By now, most consumers understand the critical importance of life insurance—especially those who have loved ones depending on their income. Life insurance offers financial protection for your dependents should anything happen to you. Without the right coverage, your family may struggle to pay the bills and make ends meet.
However, there is a common misconception about life insurance: most people assume that term life insurance is much more affordable than whole life insurance. While this may be the case for young and healthy people, term insurance can become expensive for older individuals who may no longer be the picture of health.
Term vs. Whole
As you probably know, term life insurance covers you for a specific time—anywhere from one to 30 years. These policies are less expensive because they are designed solely for protection. Many people choose term insurance because they figure the need for life insurance will decrease as they get older. Term insurance is also a valuable option for those who want to protect their children until they can support themselves.
On the other hand, whole life insurance is permanent—it protects your entire life. This insurance is ideal for individuals who still have someone, whether a spouse, grandchild or special needs son or daughter, depending on their income. It’s also a good option for individuals who want to earn enough money to pay off their debts or provide tax-advantaged inheritance for their heirs after they die.
Making the switch
You fall into that second category—you may need life insurance protection for the rest of your life. However, your term policy is about to expire. What should you do?
You may consider renewing your current term policy. However, your premiums will most likely skyrocket now that you’re older. Alternatively, you could convert your term policy to whole life, and this will ensure that you are covered for the rest of your lifetime—which means your dependents will be protected when you die, whether that happens one or 20 years from now.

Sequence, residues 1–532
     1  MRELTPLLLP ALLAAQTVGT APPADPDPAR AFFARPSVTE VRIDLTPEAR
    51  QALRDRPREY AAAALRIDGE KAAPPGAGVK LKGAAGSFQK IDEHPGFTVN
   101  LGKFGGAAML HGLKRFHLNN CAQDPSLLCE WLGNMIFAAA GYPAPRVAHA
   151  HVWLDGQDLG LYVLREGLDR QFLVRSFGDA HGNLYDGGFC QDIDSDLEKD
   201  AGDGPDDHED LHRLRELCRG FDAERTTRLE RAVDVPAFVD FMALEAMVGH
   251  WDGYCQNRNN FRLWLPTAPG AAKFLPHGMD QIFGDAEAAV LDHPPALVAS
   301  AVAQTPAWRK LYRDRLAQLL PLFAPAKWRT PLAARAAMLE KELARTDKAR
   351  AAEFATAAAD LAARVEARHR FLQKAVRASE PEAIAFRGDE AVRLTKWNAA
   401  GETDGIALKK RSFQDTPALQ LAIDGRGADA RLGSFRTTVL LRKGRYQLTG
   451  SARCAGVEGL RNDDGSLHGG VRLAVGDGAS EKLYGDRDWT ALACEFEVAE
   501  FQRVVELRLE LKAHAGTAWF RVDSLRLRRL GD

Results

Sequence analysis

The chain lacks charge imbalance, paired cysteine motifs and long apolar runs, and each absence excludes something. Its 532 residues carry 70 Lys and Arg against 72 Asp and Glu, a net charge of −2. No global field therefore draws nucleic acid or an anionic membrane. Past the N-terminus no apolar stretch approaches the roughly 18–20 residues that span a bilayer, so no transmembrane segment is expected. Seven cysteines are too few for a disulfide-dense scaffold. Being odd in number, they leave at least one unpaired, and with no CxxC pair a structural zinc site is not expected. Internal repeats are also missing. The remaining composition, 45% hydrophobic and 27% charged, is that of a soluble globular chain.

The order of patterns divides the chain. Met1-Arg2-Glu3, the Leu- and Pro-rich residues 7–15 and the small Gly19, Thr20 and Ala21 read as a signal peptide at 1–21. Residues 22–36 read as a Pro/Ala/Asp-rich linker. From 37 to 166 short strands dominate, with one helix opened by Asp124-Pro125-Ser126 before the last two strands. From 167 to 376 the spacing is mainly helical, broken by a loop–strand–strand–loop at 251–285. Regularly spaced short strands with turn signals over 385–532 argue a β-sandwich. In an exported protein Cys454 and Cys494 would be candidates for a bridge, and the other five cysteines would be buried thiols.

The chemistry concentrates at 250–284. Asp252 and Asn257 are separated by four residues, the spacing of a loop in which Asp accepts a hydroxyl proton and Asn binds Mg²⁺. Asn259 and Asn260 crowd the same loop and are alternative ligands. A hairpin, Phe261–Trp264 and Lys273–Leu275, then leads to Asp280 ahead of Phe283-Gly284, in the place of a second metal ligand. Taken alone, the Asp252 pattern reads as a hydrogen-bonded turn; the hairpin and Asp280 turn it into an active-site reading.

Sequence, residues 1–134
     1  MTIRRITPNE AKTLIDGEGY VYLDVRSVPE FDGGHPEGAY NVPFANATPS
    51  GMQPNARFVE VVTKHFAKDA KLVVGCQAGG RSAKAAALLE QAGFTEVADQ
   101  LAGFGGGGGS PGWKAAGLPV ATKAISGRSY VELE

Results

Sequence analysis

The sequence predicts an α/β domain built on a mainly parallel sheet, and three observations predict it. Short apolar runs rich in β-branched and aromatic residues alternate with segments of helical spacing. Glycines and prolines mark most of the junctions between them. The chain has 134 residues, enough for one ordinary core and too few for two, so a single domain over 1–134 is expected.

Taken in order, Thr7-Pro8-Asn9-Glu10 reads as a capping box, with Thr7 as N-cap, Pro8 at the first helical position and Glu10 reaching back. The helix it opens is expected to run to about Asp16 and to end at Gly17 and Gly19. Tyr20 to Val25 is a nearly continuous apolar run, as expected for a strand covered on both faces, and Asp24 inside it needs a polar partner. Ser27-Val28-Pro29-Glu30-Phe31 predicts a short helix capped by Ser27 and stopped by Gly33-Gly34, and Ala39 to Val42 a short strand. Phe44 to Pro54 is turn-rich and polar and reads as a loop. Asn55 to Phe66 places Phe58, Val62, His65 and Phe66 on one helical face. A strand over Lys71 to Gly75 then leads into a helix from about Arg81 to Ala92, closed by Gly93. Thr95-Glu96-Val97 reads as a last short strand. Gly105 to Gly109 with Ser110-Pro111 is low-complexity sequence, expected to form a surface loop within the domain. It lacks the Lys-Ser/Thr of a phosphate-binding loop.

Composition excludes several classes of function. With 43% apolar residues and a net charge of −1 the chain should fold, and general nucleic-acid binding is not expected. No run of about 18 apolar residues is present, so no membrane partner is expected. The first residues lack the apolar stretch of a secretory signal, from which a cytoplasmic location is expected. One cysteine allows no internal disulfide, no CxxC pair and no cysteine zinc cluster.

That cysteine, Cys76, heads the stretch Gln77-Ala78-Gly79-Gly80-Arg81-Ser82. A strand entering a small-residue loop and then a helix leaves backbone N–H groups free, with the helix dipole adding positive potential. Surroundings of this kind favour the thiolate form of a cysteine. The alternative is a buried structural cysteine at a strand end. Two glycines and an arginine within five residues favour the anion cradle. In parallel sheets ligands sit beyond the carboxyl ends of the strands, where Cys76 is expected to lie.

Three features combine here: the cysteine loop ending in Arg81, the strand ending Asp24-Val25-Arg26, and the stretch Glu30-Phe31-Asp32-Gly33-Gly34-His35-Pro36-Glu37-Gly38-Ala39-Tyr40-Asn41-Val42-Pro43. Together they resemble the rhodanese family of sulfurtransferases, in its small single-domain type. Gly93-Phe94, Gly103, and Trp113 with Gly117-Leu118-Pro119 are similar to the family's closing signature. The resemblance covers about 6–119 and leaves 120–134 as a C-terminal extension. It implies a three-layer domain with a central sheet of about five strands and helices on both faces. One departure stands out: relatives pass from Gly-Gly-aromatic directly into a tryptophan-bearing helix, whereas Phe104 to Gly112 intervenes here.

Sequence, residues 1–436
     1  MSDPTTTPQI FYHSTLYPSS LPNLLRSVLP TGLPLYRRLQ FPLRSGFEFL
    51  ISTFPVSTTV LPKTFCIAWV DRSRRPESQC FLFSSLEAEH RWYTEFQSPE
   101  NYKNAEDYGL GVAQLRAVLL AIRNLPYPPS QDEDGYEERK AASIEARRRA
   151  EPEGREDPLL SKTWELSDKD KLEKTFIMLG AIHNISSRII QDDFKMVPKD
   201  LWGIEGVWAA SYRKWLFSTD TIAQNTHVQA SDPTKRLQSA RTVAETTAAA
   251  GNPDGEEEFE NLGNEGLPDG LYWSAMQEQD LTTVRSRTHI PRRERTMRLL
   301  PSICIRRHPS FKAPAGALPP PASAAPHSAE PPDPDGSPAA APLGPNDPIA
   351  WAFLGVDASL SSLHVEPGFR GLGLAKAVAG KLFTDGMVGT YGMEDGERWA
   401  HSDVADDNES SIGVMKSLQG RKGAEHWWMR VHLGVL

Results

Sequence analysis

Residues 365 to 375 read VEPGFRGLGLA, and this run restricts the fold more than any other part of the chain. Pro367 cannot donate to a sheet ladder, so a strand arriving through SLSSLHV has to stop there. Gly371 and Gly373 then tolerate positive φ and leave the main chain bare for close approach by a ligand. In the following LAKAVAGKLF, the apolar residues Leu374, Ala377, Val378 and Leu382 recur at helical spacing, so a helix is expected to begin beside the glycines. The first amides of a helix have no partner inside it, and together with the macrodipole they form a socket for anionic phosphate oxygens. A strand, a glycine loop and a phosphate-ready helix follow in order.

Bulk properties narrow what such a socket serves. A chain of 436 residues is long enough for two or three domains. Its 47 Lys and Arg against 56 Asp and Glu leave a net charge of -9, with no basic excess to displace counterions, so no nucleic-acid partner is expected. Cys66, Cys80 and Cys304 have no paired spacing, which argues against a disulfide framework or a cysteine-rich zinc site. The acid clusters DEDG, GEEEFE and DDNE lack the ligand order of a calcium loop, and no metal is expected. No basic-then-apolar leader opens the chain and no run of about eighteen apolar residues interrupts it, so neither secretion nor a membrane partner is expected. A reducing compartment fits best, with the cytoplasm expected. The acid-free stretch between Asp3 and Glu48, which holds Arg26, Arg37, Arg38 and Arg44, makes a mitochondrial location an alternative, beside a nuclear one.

One advantage to whole life insurance is that the premiums generally remain constant over one’s lifetime.
Another benefit to your life is that you can borrow from the accumulated cash value of your policy. However, it’s essential to realize that, like any loan, interest will accrue on the money you borrow from your policy. If you do not repay the loan during your lifetime, it will be deducted from the death benefit before it’s paid out to your heirs.
The loan feature benefits older policyholders who have built up a significant cash value. After all, as we grow older, we often encounter some financial “surprises”—from medical emergencies to dwindling retirement income. The cash value from a whole-life policy could help you deal with these unexpected events. For example, you could borrow your whole life policy’s cash value to supplement your income, pay off your mortgage, or fund long-term care expenses. You could even use the money to help pay for a grandchild’s college education.
Are you a good candidate?
As with any insurance, whether or not you qualify for your whole life and the price you’ll pay depends on your age, health, and the specific type and amount of insurance you plan to purchase. Meet with Brian Gruss to determine whether or not whole life insurance is right for you. He can assess your situation and find the best policy to meet your needs.